• Robust defense of Second Amendment rights reiterates the key point that no inanimate object commits a crime — some people using one do

John Lott, president of the Crime Prevention Research Center (CPRC), as well as the Heritage Foundation, each recently published pro-gun rights ammo for activists — respectively, a Wall Street Journal article (reprinted at the CPRC website) and an ebook.

The former pertains to the staggering amount of violence committed with guns in profoundly gun-controlled Mexico.

And Heritage released an ebook that provided “stubborn facts” about violence committed with guns in the U.S.

Lott of the CPRC drew a vivid lack of connectivity between gun control initiatives and people committing violence with firearms.

Writing about the record number of murders in Mexico, Lott explained that “for the first nine months of 2019, Mexico had 25,890 murders — almost six times as many murders per 100,000 people as in the U.S. Does Mexico need stricter gun control?”

Lott said that legal guns in Mexico are “very expensive,” and Mexicans cannot buy rifles more powerful than a .22 caliber. Because of the stringent permitting process, “Only 1 percent of Mexicans possess a license to own firearms.”

Only those who qualify for an “extraordinary” permit, which “never seems to be issued,” can legally transfer a gun to anyone.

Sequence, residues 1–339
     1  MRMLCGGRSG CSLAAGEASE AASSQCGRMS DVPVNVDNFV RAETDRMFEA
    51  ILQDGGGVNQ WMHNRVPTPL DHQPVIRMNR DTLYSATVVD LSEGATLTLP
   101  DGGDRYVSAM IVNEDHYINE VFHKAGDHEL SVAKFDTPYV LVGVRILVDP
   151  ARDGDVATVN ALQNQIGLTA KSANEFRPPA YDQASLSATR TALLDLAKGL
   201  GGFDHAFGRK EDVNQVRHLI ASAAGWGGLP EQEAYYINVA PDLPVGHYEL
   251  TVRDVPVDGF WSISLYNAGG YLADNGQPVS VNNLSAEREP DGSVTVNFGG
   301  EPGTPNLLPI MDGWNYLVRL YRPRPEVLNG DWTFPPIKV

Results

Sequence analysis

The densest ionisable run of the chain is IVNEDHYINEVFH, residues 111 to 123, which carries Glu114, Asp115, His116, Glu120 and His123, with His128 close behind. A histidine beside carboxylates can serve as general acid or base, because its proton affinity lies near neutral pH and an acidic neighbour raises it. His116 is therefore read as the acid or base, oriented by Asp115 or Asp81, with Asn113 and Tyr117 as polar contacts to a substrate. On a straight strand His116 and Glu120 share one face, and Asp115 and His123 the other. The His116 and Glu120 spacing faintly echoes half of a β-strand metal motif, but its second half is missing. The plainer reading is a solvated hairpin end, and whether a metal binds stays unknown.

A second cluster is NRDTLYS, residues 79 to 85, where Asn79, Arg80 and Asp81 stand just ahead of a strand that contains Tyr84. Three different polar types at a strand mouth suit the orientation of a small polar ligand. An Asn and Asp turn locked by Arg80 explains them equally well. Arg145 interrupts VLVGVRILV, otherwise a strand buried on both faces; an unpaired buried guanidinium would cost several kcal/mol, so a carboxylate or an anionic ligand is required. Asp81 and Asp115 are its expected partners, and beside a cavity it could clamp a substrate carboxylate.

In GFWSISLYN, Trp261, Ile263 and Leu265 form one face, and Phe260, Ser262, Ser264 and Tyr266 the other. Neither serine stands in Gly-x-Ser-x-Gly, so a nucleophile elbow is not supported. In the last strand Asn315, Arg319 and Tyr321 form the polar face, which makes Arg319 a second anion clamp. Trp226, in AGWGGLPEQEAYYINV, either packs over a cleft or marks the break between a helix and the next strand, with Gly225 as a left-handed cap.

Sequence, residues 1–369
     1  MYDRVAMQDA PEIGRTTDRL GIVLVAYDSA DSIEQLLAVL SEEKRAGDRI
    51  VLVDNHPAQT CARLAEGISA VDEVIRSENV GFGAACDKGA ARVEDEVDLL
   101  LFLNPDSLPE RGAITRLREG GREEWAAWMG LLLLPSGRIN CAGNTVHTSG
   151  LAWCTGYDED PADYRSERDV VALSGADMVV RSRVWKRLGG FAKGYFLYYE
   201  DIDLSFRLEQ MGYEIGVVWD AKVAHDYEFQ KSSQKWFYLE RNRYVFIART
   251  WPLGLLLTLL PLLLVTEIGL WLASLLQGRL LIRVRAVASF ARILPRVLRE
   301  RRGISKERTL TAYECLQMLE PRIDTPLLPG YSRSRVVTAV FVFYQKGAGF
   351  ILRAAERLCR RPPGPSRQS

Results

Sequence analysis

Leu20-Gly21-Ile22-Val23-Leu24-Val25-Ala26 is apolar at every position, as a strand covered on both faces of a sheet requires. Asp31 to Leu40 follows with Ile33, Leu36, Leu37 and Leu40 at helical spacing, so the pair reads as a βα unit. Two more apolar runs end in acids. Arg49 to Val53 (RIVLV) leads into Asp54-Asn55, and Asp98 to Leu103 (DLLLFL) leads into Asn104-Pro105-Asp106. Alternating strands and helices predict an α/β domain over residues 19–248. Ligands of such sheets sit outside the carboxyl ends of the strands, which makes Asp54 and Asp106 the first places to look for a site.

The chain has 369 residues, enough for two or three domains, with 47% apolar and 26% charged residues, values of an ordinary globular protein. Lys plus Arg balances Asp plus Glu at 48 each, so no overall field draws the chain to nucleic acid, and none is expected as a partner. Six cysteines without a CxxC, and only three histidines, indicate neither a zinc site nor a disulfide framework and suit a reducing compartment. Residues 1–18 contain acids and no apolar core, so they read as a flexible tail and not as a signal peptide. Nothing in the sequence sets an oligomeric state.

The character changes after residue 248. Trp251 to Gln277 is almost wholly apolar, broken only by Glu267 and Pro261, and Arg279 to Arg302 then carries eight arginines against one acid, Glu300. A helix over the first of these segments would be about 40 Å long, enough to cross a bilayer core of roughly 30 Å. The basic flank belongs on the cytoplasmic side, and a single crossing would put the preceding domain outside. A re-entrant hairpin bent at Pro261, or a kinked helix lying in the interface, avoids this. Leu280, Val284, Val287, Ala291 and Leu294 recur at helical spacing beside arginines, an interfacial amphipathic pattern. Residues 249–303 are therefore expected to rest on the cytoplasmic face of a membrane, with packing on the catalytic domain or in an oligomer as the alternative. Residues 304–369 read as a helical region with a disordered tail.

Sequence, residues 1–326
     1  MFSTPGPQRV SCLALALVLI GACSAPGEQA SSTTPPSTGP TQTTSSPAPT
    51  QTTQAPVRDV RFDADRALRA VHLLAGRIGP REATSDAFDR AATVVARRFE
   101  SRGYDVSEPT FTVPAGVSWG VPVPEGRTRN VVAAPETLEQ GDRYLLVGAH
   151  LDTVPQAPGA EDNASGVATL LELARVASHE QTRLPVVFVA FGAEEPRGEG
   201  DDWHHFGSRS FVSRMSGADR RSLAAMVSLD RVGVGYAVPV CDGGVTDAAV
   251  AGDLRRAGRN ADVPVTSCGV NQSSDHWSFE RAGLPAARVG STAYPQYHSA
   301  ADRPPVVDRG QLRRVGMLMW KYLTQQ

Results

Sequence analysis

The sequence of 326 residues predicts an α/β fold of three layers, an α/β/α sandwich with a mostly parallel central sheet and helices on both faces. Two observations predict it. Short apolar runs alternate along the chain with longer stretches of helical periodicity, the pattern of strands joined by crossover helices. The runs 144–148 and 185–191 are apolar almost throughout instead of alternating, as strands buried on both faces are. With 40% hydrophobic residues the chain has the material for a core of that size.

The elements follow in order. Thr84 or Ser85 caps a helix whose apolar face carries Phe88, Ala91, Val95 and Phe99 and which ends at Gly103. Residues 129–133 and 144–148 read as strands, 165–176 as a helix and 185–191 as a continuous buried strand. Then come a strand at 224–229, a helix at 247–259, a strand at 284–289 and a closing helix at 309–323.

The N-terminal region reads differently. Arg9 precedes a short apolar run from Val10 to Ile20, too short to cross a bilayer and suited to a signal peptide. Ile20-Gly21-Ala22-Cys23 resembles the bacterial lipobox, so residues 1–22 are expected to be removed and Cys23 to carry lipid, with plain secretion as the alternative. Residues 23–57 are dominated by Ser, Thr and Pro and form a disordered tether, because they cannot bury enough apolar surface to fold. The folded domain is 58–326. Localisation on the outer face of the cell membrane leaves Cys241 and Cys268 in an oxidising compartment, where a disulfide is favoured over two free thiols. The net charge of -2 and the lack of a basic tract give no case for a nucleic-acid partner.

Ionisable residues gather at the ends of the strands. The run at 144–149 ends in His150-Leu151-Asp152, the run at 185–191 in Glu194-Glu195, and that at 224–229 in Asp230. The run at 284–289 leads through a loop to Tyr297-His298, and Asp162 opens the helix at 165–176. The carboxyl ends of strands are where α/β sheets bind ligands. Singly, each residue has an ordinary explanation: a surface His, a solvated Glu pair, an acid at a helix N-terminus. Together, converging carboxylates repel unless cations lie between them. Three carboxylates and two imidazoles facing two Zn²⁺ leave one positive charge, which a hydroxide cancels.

A person can only sell a gun, in fact, to the government — and then it’s up to the government to sell it to another person, or not.

In a cautionary tale for Americans who support the Second Amendment, Lott explained that until 1971, Mexicans, like Americans, had a right to own firearms. That changed after Mexico amended its constitution, giving its federal government primacy over the people’s right to keep and bear arms.

What promises do you think gun control advocates made during the run-up to that usurpation of liberty?

I’m sure it had something to do with assuring people they’d still be able to possess guns, but that the government would make possessing guns “safer.” Well, now, even legal Mexican gun owners would be breaking the law if they stepped across their driveway to bring a gun next door to show it to a neighbor.

That’s even if the gun is “lawfully registered, unloaded, in a locked container” — and more.

Unless the gun owner gets a permit from the Secretariat of National Defense, that person cannot leave his or her house with a gun. If you think that could not happen here in the United States, just look at what many prominent Democrats and anti-gun rights groups are telling us about their plans for gun control.


The gun — or the car — doesn’t kill people. And the person who doesn’t use his or her gun — or car — to commit crimes doesn’t kill people, either.

Instead, the anti-gun forces prey on the human instinct to want bad things to not have happened and wish things that will happen to never happen again. It’s a natural but unrealistic and immature desire that must be tempered with reality.

Gun grabbers also say they believe it is somehow possible to disarm everyone, even criminals.

So, they pass more and more onerous laws that cause increased hassles and expense for law-abiding gun owners — who, like law-abiding drivers, are not the problem.

Source: Steve Pomper, Lifezette.com